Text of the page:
You can press leather, but it needs to be done at moderate heat, without steam, through a pressing cloth and using a clapper afterwards. When the waistline was pressed, I was able to try the skirt on. It was looking really well!

At first I was planning to hem my skirt. On the other hand I did not quite like how undefined the hem of the skirt in Burda magazine was looking. So gradually I realized that it might be perfectly ok to leave the hem unfinished. I actually checked out leather skirts on high end stores online trying to understand if any of those skirts were unhemmed. Some were, and so I made up my mind to not hem mine either. This is something that can be easily changed – I could hem the skirt at any time. Finally, the lining was hemmed using rolled hem foot, and with that my first leather skirt was complete!


I ran a poll on Instagram asking fellow sewists if they had ever sewn a leather garment, and only 15 pct said they had. Honestly, it was much less that I had anticipated. But also understandably so. Sewing leather is intimidating, it does require quite a bit of preparation. But it is absolutely possible and doable! Below is the list of tips and tricks for sewing leather.

  • Regular sewing machine is perfectly capable of sewing leather
  • Leather also has “grain”, similar to fabric – it will stretch more “cross grain” than lengthwise, so pattern pieces need to be cut out lengthwise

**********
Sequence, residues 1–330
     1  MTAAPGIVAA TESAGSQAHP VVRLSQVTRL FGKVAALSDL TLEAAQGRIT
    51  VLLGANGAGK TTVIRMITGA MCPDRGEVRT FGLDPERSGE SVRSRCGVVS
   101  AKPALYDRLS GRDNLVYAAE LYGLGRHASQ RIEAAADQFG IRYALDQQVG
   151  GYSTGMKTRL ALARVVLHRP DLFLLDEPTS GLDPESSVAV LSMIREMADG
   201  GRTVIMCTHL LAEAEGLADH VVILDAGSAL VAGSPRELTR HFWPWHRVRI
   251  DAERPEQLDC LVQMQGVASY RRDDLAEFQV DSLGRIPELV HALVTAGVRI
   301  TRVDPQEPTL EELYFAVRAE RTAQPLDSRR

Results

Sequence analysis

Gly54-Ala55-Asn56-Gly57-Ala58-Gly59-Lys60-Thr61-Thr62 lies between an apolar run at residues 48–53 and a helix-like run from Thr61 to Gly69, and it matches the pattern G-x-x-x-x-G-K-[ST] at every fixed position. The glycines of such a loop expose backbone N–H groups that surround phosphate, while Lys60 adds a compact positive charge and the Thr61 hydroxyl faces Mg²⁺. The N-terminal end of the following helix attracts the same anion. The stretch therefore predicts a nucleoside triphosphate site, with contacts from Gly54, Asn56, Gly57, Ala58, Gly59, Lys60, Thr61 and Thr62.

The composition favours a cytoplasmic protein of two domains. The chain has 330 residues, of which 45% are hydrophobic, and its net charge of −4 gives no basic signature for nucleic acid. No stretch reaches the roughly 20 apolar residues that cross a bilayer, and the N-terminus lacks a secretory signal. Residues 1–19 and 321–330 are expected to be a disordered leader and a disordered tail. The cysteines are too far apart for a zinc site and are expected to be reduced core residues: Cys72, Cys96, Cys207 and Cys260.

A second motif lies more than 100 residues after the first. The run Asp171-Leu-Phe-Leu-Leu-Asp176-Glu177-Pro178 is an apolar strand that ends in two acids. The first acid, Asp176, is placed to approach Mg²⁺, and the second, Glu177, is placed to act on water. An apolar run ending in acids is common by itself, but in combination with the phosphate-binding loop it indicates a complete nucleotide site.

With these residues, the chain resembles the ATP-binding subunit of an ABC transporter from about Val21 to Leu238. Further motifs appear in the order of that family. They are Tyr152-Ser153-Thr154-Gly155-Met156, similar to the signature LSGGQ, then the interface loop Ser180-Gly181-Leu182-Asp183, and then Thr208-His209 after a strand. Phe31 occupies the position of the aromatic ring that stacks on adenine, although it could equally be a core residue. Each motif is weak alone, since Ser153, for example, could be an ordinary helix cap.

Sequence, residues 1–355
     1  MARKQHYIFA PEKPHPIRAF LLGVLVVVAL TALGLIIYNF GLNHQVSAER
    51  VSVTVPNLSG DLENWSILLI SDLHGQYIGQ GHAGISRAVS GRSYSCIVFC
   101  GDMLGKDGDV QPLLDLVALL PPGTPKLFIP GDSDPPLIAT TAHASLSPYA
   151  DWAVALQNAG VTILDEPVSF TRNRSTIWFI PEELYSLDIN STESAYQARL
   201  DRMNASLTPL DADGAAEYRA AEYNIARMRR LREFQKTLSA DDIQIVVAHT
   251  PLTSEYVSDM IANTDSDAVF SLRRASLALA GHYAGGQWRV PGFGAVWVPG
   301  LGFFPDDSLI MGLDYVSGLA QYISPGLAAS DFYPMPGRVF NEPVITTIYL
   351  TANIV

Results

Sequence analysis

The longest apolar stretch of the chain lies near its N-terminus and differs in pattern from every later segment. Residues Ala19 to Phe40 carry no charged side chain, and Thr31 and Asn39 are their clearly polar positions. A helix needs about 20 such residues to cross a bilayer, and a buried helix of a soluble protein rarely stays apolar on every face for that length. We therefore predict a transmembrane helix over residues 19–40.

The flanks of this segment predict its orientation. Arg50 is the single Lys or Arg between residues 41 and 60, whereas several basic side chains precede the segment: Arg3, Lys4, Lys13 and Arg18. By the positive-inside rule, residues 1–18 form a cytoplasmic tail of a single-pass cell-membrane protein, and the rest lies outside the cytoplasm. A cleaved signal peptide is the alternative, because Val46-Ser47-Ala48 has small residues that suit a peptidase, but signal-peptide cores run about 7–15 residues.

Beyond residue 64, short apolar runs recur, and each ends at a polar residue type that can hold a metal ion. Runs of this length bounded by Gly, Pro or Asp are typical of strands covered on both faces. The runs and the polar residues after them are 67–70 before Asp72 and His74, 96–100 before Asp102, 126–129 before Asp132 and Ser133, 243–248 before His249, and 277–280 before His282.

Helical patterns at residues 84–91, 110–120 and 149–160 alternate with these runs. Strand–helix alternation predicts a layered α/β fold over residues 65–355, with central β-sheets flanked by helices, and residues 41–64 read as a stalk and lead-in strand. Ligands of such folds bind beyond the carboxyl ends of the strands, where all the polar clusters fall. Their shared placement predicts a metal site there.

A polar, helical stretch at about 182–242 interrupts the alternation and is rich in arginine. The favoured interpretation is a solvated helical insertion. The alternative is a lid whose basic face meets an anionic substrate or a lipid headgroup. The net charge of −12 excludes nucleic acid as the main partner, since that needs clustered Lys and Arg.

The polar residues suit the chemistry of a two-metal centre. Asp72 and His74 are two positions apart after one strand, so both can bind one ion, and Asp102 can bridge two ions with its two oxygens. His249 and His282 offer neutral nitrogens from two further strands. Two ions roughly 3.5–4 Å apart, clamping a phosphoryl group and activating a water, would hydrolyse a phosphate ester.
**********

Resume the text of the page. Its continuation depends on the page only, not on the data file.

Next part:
• Can’t use pins to secure pieces in place because pins would leave holes in leather, some sort of clips need to be used instead
  • I used the following tension settings: upper thread tension 5 / 9, presser foot pressure 2 / 6
  • It is absolutely necessary to use special knife-edged needle designed to stitch leather, I used size 90 needle
  • Regular sewing machine foot won’t work – walking foot or teflon foot needs to be used instead
  • The stitch length 3 mm or longer
  • Avoid ripping seams at all costs, because each needle poke would leave a hole in leather
  • For flat fell seams one seam allowance (which will go inwards) needs to be trimmed to reduce bulk
  • It is ok to press leather, it needs to be done from wrong side over a pressing cloth, iron on moderate heat without steam, and clapper helps too

For this skirt I used almost everything that was left after ripping my dad’s leather coat. The skirt is made using the pattern #101 from Burda magazine 2022/08 issue. Note, that the original design does not include lining. I cut paper blocks in size 36 and had to redraw them quite a bit to facilitate leather pieces I had. To make this skirt I also needed 25 cm invisible zipper, black viscose lining, and black thread. This skirt cost me next to nothing (few euros, to be specific – for these few notions). It was made in August, 2022.

I truly like my new skirt. It is possible that some time in the future I might end up actually hemming and thus shortening it. But for now I’m going to wear it as it is. Current midi length is perhaps the least flattering on me though, as it makes my legs look shorter. For my height of 163 cm either above-knee or maxi skirts look so much better than midi skirts. However this time I’m tempted to concede and accept this midi skirt – after all, this particular A shaped design is probably the best at midi length.